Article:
Richard Feynman’s “Low” IQ

Monday, January 9th, 2012

Polymath physicist Steve Hsu answers a question about his hero, Richard Feynman.  Is it true Feynman’s IQ score was only 125?

Feynman was universally regarded as one of the fastest thinking and most creative theorists in his generation. Yet it has been reported-including by Feynman himself-that he only obtained a score of 125 on a school IQ test. I suspect that this test emphasized verbal, as opposed to mathematical, ability.

Feynman received the highest score in the country by a large margin on the notoriously difficult Putnam mathematics competition exam, although he joined the MIT team on short notice and did not prepare for the test. He also reportedly had the highest scores on record on the math/physics graduate admission exams at Princeton.

It seems quite possible to me that Feynman’s cognitive abilities might have been a bit lopsided — his vocabulary and verbal ability were well above average, but perhaps not as great as his mathematical abilities. I recall looking at excerpts from a notebook Feynman kept while an undergraduate. While the notes covered very advanced topics for an undergraduate — including general relativity and the Dirac equation — it also contained a number of misspellings and grammatical errors. I doubt Feynman cared very much about such things.

Razib Khan adds this:

One thing I have always wondered about is the fact that Richard Feynman had substantive accomplishments which marked him as definitively brilliant by the time he was talking about his 125 I.Q. score (which is smart, but not exceedingly smart). Intelligence scores are supposed to be predictors of accomplishments, but Feynman already had those accomplishments.

Bright people take many psychometric tests, so there will be a range of score about a mean. My personal experience is that there’s a bias in reporting the highest scores. But it may be that Feynman gloried in reporting his lowest scores because that made his accomplishments even more impressive. Unlike most he had nothing to prove to anyone.


  1. Bruce Charlton says:

    I have never found it at all hard to understand why people get low scores in specific exams. Surely there are 101 reasons why an individual on a specific day will under-perform (illness — e.g. headache, hay fever, sleepiness — being the most obvious).

    The longer and more fatiguing the exam, the greater the under-performance.

    But — while random factors could make a significant difference to a short test with few items — it would be very unusual to over-perform on a long and multi-item test (like a WISC or WAIS), so the situation is not symmetrical.

    This also means that it is not valid to average IQ test scores.

    The most valid way to deal with variation in tests would be to accept the highest score achieved in the longest and most rigorous valuation — but to use only these scores in developing population norms.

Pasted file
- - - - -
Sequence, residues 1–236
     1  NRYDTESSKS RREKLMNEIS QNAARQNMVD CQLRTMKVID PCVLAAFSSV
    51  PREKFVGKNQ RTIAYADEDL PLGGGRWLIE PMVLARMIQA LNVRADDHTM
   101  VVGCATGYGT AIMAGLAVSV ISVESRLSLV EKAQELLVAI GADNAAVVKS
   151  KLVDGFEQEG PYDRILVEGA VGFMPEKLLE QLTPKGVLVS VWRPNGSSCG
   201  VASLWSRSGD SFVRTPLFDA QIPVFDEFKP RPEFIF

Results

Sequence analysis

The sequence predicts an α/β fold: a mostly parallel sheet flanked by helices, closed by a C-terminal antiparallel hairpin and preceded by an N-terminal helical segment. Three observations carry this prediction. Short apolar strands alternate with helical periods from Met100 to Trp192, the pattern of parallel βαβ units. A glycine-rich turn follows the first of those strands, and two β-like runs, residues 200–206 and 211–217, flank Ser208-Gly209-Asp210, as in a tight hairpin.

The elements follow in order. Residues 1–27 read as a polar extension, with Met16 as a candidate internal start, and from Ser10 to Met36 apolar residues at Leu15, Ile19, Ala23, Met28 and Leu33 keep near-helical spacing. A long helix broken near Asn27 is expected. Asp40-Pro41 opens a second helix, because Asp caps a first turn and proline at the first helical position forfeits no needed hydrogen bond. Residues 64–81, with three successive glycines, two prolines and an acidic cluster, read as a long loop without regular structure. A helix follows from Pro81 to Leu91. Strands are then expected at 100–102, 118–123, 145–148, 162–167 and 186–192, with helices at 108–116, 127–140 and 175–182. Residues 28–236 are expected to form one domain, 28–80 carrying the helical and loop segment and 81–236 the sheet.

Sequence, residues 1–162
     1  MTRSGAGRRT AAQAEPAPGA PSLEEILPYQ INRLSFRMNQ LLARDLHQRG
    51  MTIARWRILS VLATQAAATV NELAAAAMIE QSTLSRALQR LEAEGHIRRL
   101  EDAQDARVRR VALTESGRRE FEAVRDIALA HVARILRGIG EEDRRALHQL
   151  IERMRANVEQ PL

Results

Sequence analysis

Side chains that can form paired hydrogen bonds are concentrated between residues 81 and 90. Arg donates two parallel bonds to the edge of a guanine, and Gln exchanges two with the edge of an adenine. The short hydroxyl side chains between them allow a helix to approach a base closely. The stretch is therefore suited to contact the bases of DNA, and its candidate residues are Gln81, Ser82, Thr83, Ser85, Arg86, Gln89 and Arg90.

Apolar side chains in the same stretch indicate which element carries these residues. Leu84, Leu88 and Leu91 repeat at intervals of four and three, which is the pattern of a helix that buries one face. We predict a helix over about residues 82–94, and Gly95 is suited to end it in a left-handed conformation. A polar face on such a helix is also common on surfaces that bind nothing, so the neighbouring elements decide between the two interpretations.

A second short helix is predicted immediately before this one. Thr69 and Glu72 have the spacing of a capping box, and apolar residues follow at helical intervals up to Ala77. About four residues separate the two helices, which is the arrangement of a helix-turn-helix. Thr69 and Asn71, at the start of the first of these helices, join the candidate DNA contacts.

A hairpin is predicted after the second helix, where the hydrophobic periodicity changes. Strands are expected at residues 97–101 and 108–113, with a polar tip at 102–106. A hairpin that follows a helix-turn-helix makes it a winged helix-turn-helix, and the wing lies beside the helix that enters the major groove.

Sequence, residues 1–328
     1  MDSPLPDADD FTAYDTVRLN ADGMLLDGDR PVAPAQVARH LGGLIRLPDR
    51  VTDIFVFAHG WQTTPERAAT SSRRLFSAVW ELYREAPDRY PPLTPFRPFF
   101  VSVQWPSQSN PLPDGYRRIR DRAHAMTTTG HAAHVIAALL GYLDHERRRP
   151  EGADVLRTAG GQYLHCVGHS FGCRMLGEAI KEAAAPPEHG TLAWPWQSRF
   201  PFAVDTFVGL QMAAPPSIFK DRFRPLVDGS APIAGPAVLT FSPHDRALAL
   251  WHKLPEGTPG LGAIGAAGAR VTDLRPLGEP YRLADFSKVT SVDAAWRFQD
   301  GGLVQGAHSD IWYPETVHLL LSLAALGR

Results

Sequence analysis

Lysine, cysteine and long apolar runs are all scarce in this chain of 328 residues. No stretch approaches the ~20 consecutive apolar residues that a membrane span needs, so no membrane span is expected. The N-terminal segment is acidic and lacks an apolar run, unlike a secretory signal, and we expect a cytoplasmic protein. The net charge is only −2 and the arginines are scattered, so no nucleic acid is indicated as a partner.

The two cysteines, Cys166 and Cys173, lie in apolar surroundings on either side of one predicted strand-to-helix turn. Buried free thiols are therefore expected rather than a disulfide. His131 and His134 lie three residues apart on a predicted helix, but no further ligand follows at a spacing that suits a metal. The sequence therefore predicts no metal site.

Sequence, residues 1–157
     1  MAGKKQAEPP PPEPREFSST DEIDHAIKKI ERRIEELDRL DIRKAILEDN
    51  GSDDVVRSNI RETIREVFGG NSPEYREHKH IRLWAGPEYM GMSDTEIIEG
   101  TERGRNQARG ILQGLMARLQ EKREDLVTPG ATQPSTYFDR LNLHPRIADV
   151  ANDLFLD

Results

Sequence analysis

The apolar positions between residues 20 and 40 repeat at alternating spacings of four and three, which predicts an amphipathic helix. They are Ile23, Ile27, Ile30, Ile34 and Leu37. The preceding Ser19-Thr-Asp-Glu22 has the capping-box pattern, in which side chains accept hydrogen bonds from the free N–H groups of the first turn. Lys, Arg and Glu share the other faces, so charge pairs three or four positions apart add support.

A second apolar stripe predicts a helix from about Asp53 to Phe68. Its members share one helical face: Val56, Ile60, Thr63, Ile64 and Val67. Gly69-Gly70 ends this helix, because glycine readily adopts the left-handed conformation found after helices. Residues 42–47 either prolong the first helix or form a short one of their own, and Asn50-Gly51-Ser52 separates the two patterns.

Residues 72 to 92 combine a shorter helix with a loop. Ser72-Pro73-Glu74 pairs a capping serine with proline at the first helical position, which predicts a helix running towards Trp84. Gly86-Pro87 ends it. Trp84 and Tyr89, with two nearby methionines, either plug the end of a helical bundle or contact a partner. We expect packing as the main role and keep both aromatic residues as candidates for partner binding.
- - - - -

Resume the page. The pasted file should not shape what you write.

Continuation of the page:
(I.e. a random population sample would do repeated long, multi-item IQ tests — and the highest value each individual attained would be used to set the population norms.)

    The big problem of IQ testing is the population norms. It is extraordinarily difficult to get these precisely correct. So, while testing can be used to rank a group very effectively — but not at the individual and specific level, for reasons above — hair-splitting about specific IQ scores (especially distant from the mean) in terms of population percentages is nonsense.

    In sum, differential IQ measurements are valid but intrinsically not precise.

  2. Romeo says:

    Feynman sucked at humanities. He admitted it himself. He was a one-sided scientist.

  3. Dr. Bilbo says:

    Actually, the Putnam exam was far from “notoriously difficult” in 1939 (the year that Feynman won); it was a straightforward computational exam which can be proved by obtaining the actual exam (link). By the way, this was only the 2nd Putnam exam held and the team results were as follows:

    1. Brooklyn College
    2. MIT
    3. Mississippi Women’s College

    Pretty heady company, eh?

    By the way, where did you get the info that Feynman won this exam by a large margin?

  4. William Newman says:

    Dr. Bilbo, could you give some more detail on how to proceed from your link to the 1939 exam? I see a hyperlink on your linked page which leads to “problems, solutions, winners, and scores from 1985-present” but it’s not obvious to me how to get to older exams.

  5. Jordan says:

    He was an Empiricist. Empiricists rely on heuristics, not upfront type problem solving. Some people suggest that the iq test he took had a low ceiling (though even back then a ceiling of at least 140 was likely), and thus could not reflect his true score, but from listening to him talk, I can’t see his “IQ” being more than 120-130. The relationship between Heuristics and ‘intelligence’ (note, not iq), is something that are only recently exploring.

  6. Jose says:

    Feynman always tried to give unusually smart answers on these tests on purpose, and these answers were usually disregarded.

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